See Yourself: Malorie Blackman and diversity in children’s books

I’ve already mentioned my love of Malorie Blackman and her work. I grew up on books like Hacker and Thief, and it’s no exaggeration to say that her Noughts and Crosses series literally changed my life – it’s influenced my studies, my writing, and my activism. I’ve seen her at several talks, and always been impressed by her wit, her friendliness and her dedication to making writing and storytelling fun, inclusive, and true.

About a week ago, Sky News ran an article on Malorie Blackman speaking about diversity in children’s books, calling for a greater number of characters of colour. She made the point that “there is a very significant message that goes out when you cannot see yourself at all in the books you are reading.”

A reasonable point, you might think. Uncomfortable, perhaps, for a white reader, who might never have considered this before. But if you’re in a position of privilege, feeling uncomfortable about things you’ve taken for granted is the first step towards thinking critically about inequality and your own role (however unintentional) in perpetuating it.

However, thanks to an inaccurate quote in the banner, and massive amounts of racism and ignorance from certain readers of the article, Malorie Blackman, instead of critical and reasoned responses, received an avalanche of abuse.

Apparently, some people interpreted ‘more characters of colour’ as ‘no more white characters ever’. And, I mean, I guess that might cause some anger. After all, if we had no more white characters ever, then white readers would have no-one in their books who looked like them. Apart from Harry, Ron and Hermione, that is. And Peter, Susan, Edmund and Lucy. And Lyra and Will, Artemis Fowl, Frodo, Bilbo, Gandalf, Aragorn, Peter, Wendy, John, Michael, Pod, Homily, Arrietty, Mary Poppins and the Banks family, Tris, Tobias, Hazel, Augustus, Matilda, Charlie, James, Danny, Violet, Klaus, Sunny, Gale, Peeta and (according to the movie, anyway) Katniss. And a few thousand more. But, you know, that’s all.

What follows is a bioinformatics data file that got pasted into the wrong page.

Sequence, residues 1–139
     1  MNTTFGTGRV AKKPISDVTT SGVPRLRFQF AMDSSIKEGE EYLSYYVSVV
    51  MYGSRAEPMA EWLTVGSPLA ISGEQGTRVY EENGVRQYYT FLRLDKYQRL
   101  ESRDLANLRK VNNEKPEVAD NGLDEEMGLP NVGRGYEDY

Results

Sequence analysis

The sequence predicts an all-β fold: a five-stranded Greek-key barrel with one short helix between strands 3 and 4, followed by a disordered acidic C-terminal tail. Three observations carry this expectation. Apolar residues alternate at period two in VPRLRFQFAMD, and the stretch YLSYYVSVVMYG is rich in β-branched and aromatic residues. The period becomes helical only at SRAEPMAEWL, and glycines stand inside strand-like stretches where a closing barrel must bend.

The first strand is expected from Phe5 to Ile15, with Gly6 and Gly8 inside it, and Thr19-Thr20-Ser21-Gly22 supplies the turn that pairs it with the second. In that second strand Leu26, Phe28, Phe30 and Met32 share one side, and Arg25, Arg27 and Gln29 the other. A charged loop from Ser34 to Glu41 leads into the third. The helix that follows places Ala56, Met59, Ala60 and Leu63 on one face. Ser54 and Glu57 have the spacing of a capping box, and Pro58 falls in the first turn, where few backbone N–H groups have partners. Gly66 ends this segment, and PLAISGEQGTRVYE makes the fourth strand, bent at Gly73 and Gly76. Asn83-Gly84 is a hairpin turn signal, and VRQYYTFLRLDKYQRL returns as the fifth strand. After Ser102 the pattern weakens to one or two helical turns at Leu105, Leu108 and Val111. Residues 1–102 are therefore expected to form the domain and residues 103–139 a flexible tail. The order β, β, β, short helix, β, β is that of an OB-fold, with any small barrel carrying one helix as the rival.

(Incidentally, I love all of these books and characters. I’m not saying that any of them shouldn’t exist – I’m very glad they do. But they’re not the only characters whose stories deserve to be told).

Let’s be real here. Even if there was a worldwide embargo on publishing new stories about white characters for the next year, or even the next ten years, white readers would not be hard-pressed to find heroes and heroines that looked like us. And that’s not even remotely what Malorie Blackman was calling for. More characters of colour – or disabled characters, LGB characters, trans characters – doesn’t mean fewer characters from any other group. It just means more opportunity to read stories from walks of life that you haven’t taken, or can’t take, yourself.

Malorie Blackman is calling for more stories to be told, not fewer. It’s a call I’m happy to lend my voice to.


Alice’s stories are available at Amazon and Smashwords. She also writes a webcomic, Footloose. Further ramblings can be found on Twitter and Facebook.


About Alice Nuttall

Alice Nuttall is a caffeine-guzzling knitter who divides her time between Oxford and the various worlds in her head. She is the author of a YA fantasy novel, Spider Circus, and three webcomics, Footloose, Cherry, and Black Market Magic, as well as several short stories.
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